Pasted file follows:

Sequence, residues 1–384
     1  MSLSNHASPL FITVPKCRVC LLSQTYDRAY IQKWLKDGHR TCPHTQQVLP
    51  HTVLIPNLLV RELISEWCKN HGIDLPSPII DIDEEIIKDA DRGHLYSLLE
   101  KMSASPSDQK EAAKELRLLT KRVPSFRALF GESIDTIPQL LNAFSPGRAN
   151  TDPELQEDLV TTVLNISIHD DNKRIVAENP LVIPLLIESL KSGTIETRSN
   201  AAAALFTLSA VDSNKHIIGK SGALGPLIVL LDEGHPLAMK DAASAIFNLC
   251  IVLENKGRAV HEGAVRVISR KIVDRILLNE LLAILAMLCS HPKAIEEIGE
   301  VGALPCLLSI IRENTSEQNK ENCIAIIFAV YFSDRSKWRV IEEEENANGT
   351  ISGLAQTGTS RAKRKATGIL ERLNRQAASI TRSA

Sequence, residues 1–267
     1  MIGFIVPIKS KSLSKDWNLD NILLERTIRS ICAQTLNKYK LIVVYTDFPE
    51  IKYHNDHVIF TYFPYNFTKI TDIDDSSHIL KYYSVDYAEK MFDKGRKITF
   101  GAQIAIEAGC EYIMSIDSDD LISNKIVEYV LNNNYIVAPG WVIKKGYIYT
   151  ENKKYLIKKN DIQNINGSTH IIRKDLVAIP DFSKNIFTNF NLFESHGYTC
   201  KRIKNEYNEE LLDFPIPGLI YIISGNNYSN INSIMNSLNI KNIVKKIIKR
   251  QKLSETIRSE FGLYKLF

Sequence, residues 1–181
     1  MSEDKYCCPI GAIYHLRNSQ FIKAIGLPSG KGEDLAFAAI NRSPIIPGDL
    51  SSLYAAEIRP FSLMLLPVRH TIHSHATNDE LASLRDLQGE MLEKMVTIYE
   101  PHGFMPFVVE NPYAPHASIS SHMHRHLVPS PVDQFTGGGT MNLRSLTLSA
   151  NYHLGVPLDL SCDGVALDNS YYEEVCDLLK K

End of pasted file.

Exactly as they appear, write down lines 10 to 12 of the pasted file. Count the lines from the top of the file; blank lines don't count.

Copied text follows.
Sequence, residues 1–267
     1  MIGFIVPIKS KSLSKDWNLD NILLERTIRS ICAQTLNKYK LIVVYTDFPE
    51  IKYHNDHVIF TYFPYNFTKI TDIDDSSHIL KYYSVDYAEK MFDKGRKITF